Lesson 1: Africa, the country?

Grade: 3rd
Time needed: 45 minutes

Essential Unit Questions
What assumptions/stereotypes exist about the continent of Africa? What drives these stereotypes?

Students will be able to…
-          articulate individual perceptions about Africa
-          identify cultural stereotypes held about Africa
-          consider and discuss the definition of stereotypes and where stereotypes come from

MMSD standards
Behavioral Science
  1. Interpret the components of a culture (i.e. language, literature, art, architecture, foods, traditions, beliefs, values, behaviors) present in a community
NCSS standards
I. Culture and Cultural Diversity
- to understand and apply the concept of culture as an integrated whole that governs the functions and interactions of language, literature, arts, traditions, beliefs, values, and behavior patterns

IV. Individual Development and Identity
- have learners compare and evaluate the impact of stereotyping, conformity, acts of altruism, discrimination, and other behaviors on individuals and groups 

Materials needed
-          computer and projector
-          Blank paper
-          Colored pencils or markers
-          Photograph of a child from a country other than US.


Africa Word Cloud

As a class, brainstorm a list of every word that comes to mind when students hear the word “Africa”. Students can repeat words that their peers already said, in fact, this should be encouraged. If students would feel more comfortable anonymously writing their words instead of verbally sharing, allow this in order to get a more accurate understanding of their ideas. Use wordle.net to create a word cloud of all of the words. This word cloud will be used later in the lesson.

Ready, Set, Draw!

Have students draw a picture of what they might see if they traveled to Africa. Encourage them to add as much detail as possible… people, places, food, clothing, occupations, animals, etc.

Discuss words and pictures on Africa

Display the word cloud using a projector as well as taping the pictures to the board so everyone can see them. Hold a discussion about things the students notice about the pictures and words.
-          What commonalities do you see between the pictures? What differences? Why do you
              think these things are so common?

-          What words were said the most? Why do you think so?
-          When you drew your picture, how did you know what to draw? 

Discussion of stereotypes

Show students a photograph of a child from another country (can use computer and projector to show a large photograph). Have students share a brief comment on something they think might be true about the person by looking at the picture… what does the person do? Do they have a family? How much money do they make? What do they eat? What language do they speak? Etc.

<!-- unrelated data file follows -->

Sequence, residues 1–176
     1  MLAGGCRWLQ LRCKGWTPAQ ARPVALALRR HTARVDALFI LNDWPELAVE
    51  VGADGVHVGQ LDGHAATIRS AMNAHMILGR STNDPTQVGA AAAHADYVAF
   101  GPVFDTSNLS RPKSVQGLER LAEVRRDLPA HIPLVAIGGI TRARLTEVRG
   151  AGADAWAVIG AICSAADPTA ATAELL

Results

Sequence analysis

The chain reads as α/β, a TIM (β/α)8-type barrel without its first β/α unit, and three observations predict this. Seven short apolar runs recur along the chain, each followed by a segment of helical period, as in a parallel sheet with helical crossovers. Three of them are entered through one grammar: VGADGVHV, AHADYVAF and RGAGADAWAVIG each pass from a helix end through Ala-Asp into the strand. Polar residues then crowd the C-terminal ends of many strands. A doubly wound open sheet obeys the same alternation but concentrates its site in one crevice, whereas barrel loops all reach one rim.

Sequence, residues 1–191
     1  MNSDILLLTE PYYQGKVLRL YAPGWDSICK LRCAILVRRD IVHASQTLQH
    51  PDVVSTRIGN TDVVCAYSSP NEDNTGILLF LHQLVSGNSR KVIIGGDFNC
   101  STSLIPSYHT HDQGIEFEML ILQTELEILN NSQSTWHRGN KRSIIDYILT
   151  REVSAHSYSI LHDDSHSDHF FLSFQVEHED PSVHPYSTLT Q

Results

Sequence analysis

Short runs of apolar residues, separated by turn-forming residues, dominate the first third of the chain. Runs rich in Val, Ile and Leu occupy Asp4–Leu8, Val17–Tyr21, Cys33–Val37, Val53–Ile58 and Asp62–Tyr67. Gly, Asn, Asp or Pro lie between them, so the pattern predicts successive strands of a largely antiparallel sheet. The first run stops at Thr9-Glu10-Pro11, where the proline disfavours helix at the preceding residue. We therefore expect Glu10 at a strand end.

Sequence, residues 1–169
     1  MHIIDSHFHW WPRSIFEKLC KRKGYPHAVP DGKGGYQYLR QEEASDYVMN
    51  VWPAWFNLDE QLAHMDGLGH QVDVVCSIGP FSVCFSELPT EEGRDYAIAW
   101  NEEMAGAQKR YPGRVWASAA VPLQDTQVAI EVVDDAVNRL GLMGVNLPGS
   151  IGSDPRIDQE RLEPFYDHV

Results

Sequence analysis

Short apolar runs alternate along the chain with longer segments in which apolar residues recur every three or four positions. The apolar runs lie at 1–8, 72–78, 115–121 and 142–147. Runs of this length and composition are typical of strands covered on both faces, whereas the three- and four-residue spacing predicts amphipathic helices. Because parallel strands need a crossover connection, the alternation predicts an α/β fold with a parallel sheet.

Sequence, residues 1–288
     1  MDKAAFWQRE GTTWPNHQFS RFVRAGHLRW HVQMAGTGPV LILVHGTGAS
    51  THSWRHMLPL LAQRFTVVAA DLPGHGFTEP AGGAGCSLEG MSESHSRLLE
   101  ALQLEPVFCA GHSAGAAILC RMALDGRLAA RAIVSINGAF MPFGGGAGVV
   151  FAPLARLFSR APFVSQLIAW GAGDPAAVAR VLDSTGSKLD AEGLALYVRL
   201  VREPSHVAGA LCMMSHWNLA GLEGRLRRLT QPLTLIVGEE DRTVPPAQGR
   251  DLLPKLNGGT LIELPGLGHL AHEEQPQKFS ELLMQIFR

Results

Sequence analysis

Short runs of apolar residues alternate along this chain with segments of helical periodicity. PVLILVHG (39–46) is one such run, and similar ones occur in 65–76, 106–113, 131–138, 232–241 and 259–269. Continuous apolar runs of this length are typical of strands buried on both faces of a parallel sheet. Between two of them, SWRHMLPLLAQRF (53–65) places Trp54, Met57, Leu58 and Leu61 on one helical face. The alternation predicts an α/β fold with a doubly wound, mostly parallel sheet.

Explain that making assumptions about a person just by looking at them is an example of stereotyping. Ask: Has anyone ever heard of the word stereotypes? If so, what does it mean? Any other ideas about what it means?
Explain that stereotypes are assumptions or mental pictures held about someone based on ideas or opinions that we already have about certain types of people. However, stereotypes are not always true because we do not know always the full story behind a person’s life. Ask: Why do you think everyone has stereotypes about other people? Do you think it is ok to have stereotypes about other people? Why or why not?

After a discussion, as a class create a working definition of the term “stereotype” so it can be referenced throughout the unit.


For the introductory lesson, I am most concerned with the students’ willingness and comfort level with sharing personal ideas about Africa and stereotypes. Assessing their vulnerability will be a good sensor for how deeply the students will engage with the later lessons in the unit as well as inform my instructional strategies for sharing personal thoughts throughout the unit.

My assessment will consist of observations of the students during the lesson, noting their level of contribution to the class discussion and ability to share their thoughts in various ways (drawing, writing, verbal sharing).

To assess comfort level of the students, I will ask for student feedback on their own perception of comfort. I will ask students to rate their level of comfort sharing their personal thoughts with the class on a scale of 1 to 5 (1 = not comfortable at all, 3 = somewhat comfortable, 5 = completely comfortable). The students will simply write their rating and name on a piece of paper and turn it into me so they do not have to share it with their classmates.